Dr. Casadio has an answer to that question.  During the Oligocene, the West Antarctic Rift system (all along the Trans-Antarctic Mountain Ridge) was tectonically very active.  It is hypothesized that during this time, a shallow sea existed along this rift system.  This would indicate that a direct route from New Zealand to Patagonia, across Antarctica, was available to the marine life at that time.  If tests show that the fossils discovered in Patagonia are the same species found in New Zealand, this theory may be proven and much about our Earth’s past in the Antarctic region may be revealed.

I would like to point out again, that this is a very shortened version of Dr. Casadio’s talk.  Additional research, tests, and hypothesizing was included and further supported this theory.  For more information on the subject, you may contact Dr. Silvio Casadio at his website.  From my impression of him, I am sure he would be more than happy to discuss the subject.

Thank you, Dr. Casadio, for visiting Kent State University!


Friday, February 19, The Kent State University Department of Geology will be hosting Brad Shotwell.  Mr. Shotwell will be giving a presentation on applications of a photographic device for taking stereo photos of surfaces in the field.

February 19, 2010

Room 234 McGilvrey Hall


(Click here for a schedule of upcoming/past colloquium speakers)


3 responses to “Giant Oysters Cross Antarctica!

  1. The oysters migrated across the ocean floor from New Zealand to Patagonia. In a freak act of nature, they were subjected to all of the necessary requirements needed for fossilization, at the same time, in an event that spanned at least 9,000 kilometers of ocean. Interesting. I am sure there would be fossilized migrating oysters from point A to point B that should be very easy to find as well. LOL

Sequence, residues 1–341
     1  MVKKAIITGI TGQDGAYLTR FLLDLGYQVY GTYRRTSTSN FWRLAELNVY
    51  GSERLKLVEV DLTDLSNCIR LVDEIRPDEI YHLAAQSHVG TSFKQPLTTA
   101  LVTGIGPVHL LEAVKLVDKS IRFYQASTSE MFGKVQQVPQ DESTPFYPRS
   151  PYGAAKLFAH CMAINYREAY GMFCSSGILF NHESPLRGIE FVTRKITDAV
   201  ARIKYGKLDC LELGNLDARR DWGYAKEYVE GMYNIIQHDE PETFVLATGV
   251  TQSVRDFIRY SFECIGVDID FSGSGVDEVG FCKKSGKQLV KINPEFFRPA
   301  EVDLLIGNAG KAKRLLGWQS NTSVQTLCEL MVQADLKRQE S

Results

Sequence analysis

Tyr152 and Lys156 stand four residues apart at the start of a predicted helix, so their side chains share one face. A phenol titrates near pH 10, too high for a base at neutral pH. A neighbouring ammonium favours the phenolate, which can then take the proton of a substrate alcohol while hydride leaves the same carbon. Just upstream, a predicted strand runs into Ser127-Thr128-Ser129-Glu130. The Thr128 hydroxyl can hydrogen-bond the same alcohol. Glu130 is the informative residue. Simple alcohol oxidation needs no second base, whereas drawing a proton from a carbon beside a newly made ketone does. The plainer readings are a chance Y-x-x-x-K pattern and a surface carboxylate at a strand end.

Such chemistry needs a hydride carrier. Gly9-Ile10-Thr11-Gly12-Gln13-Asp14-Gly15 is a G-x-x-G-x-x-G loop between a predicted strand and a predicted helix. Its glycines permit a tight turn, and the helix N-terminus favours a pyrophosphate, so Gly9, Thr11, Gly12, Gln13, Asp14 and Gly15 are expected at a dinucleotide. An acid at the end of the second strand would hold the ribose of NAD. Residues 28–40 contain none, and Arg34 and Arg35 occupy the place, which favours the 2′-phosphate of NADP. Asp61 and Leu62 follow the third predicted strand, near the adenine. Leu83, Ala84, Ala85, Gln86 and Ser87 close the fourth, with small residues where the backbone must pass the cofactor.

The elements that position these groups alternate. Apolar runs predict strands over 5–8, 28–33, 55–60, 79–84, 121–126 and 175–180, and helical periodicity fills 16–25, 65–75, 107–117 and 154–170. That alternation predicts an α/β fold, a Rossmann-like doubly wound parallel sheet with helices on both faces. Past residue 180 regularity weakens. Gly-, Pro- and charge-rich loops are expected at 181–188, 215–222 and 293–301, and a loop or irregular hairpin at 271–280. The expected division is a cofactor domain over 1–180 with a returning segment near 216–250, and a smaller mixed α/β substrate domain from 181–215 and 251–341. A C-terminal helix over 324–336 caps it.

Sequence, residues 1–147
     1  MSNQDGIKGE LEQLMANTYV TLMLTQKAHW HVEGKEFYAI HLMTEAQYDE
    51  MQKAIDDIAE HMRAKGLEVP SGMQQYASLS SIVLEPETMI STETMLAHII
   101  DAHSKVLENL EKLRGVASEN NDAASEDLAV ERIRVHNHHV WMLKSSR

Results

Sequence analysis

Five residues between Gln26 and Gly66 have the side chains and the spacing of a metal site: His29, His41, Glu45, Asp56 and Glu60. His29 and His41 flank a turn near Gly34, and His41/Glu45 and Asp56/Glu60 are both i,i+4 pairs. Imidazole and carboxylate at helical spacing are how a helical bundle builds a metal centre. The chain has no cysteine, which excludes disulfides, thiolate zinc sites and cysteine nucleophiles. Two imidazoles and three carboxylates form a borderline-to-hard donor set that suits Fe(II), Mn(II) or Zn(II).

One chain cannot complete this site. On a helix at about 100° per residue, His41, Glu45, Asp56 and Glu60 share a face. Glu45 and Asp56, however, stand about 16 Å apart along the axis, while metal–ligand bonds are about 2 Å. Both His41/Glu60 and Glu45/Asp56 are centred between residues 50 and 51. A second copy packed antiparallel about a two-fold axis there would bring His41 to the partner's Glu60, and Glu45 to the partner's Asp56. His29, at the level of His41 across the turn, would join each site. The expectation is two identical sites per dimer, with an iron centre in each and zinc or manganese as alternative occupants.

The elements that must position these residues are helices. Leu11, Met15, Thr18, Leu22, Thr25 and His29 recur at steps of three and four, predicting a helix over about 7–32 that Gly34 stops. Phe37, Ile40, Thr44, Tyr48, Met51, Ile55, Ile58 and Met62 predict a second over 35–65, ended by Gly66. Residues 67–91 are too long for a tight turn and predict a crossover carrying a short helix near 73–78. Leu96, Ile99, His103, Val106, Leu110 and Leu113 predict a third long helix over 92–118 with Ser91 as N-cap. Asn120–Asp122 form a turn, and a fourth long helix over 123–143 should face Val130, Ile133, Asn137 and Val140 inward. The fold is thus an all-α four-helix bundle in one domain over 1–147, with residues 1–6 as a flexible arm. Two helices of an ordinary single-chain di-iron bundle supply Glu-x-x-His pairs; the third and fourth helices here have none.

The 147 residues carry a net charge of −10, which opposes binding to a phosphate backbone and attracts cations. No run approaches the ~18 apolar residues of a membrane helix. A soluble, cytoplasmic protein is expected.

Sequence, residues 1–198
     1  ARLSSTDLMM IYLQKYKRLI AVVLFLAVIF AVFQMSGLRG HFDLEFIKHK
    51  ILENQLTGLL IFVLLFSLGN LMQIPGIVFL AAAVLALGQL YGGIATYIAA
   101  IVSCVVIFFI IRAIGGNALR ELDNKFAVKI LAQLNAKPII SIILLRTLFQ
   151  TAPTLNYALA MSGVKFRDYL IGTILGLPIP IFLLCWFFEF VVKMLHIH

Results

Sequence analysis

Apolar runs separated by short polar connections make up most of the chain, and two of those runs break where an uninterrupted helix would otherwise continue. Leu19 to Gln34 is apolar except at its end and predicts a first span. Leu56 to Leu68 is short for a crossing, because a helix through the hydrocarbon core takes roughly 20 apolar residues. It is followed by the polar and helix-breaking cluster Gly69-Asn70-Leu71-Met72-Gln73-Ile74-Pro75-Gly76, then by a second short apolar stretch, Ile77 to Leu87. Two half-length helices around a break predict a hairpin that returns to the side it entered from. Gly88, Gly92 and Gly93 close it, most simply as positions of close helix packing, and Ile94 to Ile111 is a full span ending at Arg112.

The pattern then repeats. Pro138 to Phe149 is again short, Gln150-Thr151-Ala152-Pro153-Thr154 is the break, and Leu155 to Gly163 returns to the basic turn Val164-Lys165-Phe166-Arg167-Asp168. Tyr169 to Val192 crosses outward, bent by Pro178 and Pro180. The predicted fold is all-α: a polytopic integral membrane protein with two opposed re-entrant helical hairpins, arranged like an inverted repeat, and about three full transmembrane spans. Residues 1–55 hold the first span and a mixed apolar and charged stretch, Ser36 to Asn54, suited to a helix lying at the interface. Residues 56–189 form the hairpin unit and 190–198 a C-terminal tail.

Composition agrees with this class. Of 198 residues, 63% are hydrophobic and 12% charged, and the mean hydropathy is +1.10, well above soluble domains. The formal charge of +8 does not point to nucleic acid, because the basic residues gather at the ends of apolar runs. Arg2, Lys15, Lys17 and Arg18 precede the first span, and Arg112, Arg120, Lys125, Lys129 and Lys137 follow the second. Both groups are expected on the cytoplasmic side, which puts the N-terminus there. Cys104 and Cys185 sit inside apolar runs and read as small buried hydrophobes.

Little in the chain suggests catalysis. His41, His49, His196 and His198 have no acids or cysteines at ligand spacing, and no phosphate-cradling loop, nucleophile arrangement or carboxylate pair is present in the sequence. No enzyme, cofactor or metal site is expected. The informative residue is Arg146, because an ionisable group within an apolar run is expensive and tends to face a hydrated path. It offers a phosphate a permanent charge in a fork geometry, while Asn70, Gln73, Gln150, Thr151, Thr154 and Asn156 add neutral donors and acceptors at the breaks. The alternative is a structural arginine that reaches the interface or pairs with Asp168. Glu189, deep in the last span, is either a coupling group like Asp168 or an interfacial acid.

• JW,

      While there are undoubtedly fossilized oysters between their known locations in New Zealand and Patagonia, that path cuts straight across Antarctica and is now covered in a thick sheet of ice. Unfortunately, this means the only way of locating such fossils is to drill through the ice overlying the ancient shallow sea through the West Antarctic Rift System. The odds of the drill core passing through and capturing one of these oyster fossils (or any fossil, for that matter) are not great. However, there is research being conducted to try and prove this hypothesis. I have placed a link in the article to contact Dr. Casadio, who is doing this research, if you would like to request more information straight from the source. I’m sure there has been much progress in the year and a half since I wrote this article.


  2. Sounds like the talk was very informative and fascinating. It’s amazing how much we still need to learn about the earth and it’s development. Thank you for sharing.

Leave a Reply

Fill in your details below or click an icon to log in: Logo

You are commenting using your account. Log Out /  Change )

Twitter picture

You are commenting using your Twitter account. Log Out /  Change )

Facebook photo

You are commenting using your Facebook account. Log Out /  Change )

Connecting to %s

This site uses Akismet to reduce spam. Learn how your comment data is processed.